Harington and Chatterjee, JJ.
1. This is a Rule calling upon the District Magistrate to show cause why the conviction and sentence mentioned in the petition should not be set aside or such other order passed, as the circumstances may require, on the ground that the resistance was after the date specified in the first process, and on the further ground that the resistance, if any, in respect of the second process, was not to the person named therein as charged with the execution of the process.
2. The petitioners have been convicted under Section 186 of the Indian Penal Code. They appealed to the District Magistrate, and the sentence passed on them was reduced to one month's rigorous imprisonment. They now ask that the conviction may be set aside on the grounds upon which the Rule was granted.
3. Now, the resistance was made to the execution of two different warrants, one under the Public Demands Recovery Act and the other under the Chaukidari Act. With respect to the former warrant, the ground taken by the petitioners is that, whereas it appears on the face of it that the returnable date of the warrant was July 26th, the resistance was not in fact offered by the prisoners until August 2nd. It is urged on behalf of the petitioners that, as the warrant could only be executed on or before the 26th July, there was nothing illegal in resisting its execution when the time during which it could lawfully be executed had expired. The reply made by the Crown is that in fact the warrant had been extended until August 8th. Therefore the resistance was unlawful, because the warrant could be lawfully executed on August 2nd. Order XXI, Rule 24, contains the provision as to what must appear on the process for execution, and, amongst other things, it is provided that in every such process the day shall be specified on or before which it shall be executed. It was, therefore, material that the warrant should bear a date on or before which it could be executed. Now, assuming that this warrant had been extended to August 8th, that date did not appear on the warrant. Therefore the warrant failed in an essential particular and was at the time of the resistance, on the face of it, not a good warrant. That being so, we think the prisoners could not be convicted of voluntarily obstructing a public servant in the discharge of his public functions, because the discharge of the public function was the execution of a warrant, and the warrant at the time failed to show that it could be executed at the time when the resistance was offered to the public servant.
4. Further, in our view, the persons against whom the warrant was sought to be executed were entitled to see the warrant not only for the purpose of satisfying themselves as to the amount, but also for the purpose of satisfying themselves that the person who sought to execute the warrant against them was legally authorized so to do. When the warrant on the face of it did not confer that authority to the person who sought to execute it, we cannot see how the persons who resisted the execution can be convicted under Section 186.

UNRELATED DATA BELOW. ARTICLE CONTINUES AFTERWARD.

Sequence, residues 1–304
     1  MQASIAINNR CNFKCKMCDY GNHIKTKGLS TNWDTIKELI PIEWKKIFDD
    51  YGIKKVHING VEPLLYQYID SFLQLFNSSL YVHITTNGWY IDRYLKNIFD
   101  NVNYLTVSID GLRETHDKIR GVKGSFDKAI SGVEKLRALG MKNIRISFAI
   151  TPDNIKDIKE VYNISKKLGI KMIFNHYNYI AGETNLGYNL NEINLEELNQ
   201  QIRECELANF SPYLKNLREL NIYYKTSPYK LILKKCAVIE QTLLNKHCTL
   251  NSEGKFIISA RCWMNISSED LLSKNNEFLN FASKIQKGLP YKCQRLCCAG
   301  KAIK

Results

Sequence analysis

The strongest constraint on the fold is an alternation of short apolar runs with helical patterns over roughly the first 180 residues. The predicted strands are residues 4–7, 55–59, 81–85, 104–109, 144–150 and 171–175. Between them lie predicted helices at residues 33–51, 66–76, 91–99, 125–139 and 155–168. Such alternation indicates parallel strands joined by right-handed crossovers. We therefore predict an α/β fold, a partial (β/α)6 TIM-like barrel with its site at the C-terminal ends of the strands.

5. Then with regard to the second point the question is perhaps one of greater nicety. The warrant was issued under Section 45 of the Chaukidari Act. The point taken is that under that section the person who is to execute a warrant must be named in it, and the warrant could only be executed by the person so named. In this case the warrant did not specify the name of the person who was to execute it, and it was not executed by the person to whom it was directed. In answer it is contended for the Crown that the warrant was directed to the naib-nazir, and he, by the practice, which has obtained for many years in this country, had general power to delegate the execution of processes to his subordinates. Therefore the warrant which was executed by a peon subordinate to the naib-nazir was being lawfully executed when the petitioner resisted the execution.
6. The words of Section 45 of the Chaukidari Act run as follows, with regard to the particular issue of the warrant: 'The District Magistrate may issue his warrant for the realization of the chaukidar's pay from the members of the panchayat by distress and sale of their moveable property, and shall therein charge some person, therein named, with the execution thereof; and upon such warrant such proceedings shall be had as hereinbefore directed to be had on any writing issued for the recovery of any arrears of the tax by this Act directed to be levied.'
7. Now, on the best consideration that we can give to the words of that section, we are of opinion that the warrant issued under that section must contain the name of the person who is to execute it, and that only the person who is named in the warrant as charged with execution can lawfully execute the warrant. The words in our view are sufficiently stringent to override any general power of delegation which a naib-nazir might have in cases in which his power has not been specifically limited by statute.
8. For these reasons, we think the petitioners could not be convicted under Section 186 of resisting a peon in the execution of the warrant issued under Section 45 of the Chaukidari Act. The result is, that the Rule must be made absolute, the conviction and sentence set aside, and the petitioners, if on bail, must be directed to be released from their recognizances.